Thoughts From The Publisher’s Desk

The County Commissioners could be following on the heels
of the Ocean City Mayor and Council in regard to creating some type of
sanctions outlawing the adult video store industry.

It seems the owner of the property most recently home to
the Avalon Market on Route 50 recently had to make a decision, which took into
account finances and morality. It was confirmed this week an adult-themed
business had recently inquired about leasing the space from the Bennett family,
which owns the Harley-Davidson stores on the shore including the one on Route
50 next to Stephen Decatur High School. It appears the family was not
interested in leasing the property to that type of business and we must applaud
and congratulate them on that decision. That choice, of course, is in stark
contrast to the mall owner in north Ocean City who allowed a similar store to
open along Coastal Highway. The big difference here is the Route 50 site is a
prime location, one that has reportedly stirred up a lot of interest from
prospective tenants. Conversely, there’s an abundance of vacant commercial
space available in Ocean City and property owners are anxious to find willing
tenants. When commercial space is being leased for as low as $10 per square
foot in some places in Ocean City, it may be more appropriate to say some
commercial property owners are desperate for tenants.

The mere possibility of an adult store opening at the
high-profile site along the gateway to Ocean City has shaken up the
commissioners to the degree they are reportedly mulling some type of change to
the business license code. Although it appears there’s no chance adult business
will ever happen at this site, at least under the current ownership, the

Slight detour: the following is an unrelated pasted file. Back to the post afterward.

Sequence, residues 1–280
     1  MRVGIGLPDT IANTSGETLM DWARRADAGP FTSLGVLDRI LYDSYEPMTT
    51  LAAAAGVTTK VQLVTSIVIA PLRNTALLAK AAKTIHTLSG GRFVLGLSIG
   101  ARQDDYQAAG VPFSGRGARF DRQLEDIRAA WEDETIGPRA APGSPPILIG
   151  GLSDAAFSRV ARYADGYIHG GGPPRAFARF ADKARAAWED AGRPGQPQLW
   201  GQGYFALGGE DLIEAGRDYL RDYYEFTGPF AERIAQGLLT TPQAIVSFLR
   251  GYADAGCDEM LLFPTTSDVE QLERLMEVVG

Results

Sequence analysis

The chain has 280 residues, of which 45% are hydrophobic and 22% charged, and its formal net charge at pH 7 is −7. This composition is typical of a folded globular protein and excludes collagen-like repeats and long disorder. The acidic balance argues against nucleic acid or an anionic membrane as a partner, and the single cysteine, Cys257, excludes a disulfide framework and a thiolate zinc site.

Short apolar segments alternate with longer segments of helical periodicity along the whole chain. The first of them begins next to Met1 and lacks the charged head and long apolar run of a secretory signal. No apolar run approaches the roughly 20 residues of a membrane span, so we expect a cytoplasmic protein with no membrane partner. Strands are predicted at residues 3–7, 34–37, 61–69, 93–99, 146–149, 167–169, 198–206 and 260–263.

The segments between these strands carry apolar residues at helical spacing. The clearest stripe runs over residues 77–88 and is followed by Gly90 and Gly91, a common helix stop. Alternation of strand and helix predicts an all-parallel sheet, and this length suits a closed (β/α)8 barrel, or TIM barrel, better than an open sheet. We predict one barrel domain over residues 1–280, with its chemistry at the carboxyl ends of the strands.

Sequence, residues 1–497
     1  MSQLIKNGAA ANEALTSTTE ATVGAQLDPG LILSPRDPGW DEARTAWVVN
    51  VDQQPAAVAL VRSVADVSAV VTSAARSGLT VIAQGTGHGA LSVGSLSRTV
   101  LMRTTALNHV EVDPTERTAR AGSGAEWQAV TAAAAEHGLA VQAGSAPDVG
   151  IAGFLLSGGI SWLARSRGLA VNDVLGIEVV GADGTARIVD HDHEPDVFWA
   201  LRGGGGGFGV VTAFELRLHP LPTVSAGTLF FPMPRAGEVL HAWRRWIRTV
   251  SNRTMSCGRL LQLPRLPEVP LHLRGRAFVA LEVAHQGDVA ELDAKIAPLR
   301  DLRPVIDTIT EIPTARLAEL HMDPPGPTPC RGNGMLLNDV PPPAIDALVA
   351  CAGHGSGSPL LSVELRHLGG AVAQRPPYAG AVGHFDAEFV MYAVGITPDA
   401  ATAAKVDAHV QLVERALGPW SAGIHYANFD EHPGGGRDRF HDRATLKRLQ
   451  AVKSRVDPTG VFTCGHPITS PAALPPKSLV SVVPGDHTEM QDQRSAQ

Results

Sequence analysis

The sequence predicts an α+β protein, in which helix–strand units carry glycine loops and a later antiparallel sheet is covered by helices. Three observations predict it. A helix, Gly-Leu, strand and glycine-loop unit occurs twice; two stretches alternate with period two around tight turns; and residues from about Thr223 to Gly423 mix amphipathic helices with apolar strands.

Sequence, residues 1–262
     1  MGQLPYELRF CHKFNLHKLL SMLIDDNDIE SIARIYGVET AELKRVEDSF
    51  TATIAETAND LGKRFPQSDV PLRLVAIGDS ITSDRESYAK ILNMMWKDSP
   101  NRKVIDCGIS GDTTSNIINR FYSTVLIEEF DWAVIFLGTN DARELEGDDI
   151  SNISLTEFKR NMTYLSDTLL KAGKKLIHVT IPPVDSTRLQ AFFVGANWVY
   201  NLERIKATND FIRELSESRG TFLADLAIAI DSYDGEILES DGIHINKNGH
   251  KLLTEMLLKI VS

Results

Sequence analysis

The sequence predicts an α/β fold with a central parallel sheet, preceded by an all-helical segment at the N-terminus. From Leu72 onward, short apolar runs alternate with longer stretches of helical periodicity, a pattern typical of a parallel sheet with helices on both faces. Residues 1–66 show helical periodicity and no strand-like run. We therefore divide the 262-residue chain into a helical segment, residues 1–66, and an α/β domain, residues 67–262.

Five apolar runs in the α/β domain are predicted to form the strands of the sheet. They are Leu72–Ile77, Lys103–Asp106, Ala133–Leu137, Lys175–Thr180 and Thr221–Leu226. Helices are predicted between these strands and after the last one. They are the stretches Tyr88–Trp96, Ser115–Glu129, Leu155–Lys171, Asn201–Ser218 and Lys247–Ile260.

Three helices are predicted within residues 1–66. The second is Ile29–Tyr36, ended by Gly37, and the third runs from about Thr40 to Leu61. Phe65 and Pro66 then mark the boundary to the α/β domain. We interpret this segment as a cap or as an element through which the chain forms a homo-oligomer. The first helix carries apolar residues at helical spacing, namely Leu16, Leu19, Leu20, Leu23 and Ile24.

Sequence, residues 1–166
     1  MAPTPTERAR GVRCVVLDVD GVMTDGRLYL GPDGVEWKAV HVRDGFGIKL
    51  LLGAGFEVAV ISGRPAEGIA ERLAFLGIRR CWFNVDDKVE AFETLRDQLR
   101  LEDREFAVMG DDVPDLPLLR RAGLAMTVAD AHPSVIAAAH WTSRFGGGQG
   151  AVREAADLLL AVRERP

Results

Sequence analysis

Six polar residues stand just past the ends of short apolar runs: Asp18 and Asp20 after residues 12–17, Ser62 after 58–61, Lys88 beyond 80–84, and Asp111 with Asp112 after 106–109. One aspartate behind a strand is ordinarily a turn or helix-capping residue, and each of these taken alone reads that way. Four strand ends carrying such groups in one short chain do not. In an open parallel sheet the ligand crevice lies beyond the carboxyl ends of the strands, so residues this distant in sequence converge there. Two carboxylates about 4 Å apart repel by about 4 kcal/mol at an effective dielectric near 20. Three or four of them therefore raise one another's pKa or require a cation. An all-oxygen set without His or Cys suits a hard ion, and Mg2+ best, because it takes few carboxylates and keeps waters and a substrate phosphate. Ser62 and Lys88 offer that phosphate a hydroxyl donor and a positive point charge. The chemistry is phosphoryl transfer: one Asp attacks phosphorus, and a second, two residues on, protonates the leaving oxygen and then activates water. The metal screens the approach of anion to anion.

potential for what could have been is worth noting, and at least some commissioners
seem concerned. That would have been one interesting little intersection with
quite a mix of business. There you would have the adult store sandwiched
between a Wawa convenience store to the west and the proposed Rite-Aid Pharmacy
to the east. 

The earlier Daylight Savings Time appears to be a dud as
far as accomplishing its goal of reducing energy levels. Multiple media outlets
have been reporting recently that large power supplies have experienced no dip
in usage as a result of the earlier Daylights Savings Time start this year. It
started three weeks early this year on March 11 and will end one week later.
Congress voted for this change under the auspices it would improve help reduce
energy consumption during the evening hours. However, after the first month or
so, it seems that’s not been the case across the country. In one Reuters
article, Southern Co., among the nation’s largest power companies, reported no
significant change one way or the other. When the move was authorized by
Congress last year, it was expected to be studied extensively after the first
year to see if it truly saved on power.

This week’s story on Tax Freedom Day was interesting as
well as disturbing. It’s a little sickening to know Americans had to work 121
days this year alone to pay Uncle Sam, but just 105 days to earn enough for
food, clothing and shelter combined, according to a respected non-profit
organization. In addition, the same organization reported most Americans worked
79 days to meet their federal tax burden, while they worked just 62 days to pay
for their housing, whether it is a mortgage or rent. Additionally, Americans
work 79 days to earn enough to pay federal taxes and another 32 days to pay
state and local taxes. Perhaps most disturbing is for working people only 20
days of the year are spent doing their jobs for recreation and only two days’
work is devoted to savings.

About The Author: Steven Green

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The writer has been with The Dispatch in various capacities since 1995, including serving as editor and publisher since 2004. His previous titles were managing editor, staff writer, sports editor, sales account manager and copy editor. Growing up in Salisbury before moving to Berlin, Green graduated from Worcester Preparatory School in 1993 and graduated from Loyola University Baltimore in 1997 with degrees in Communications (journalism concentration) and Political Science.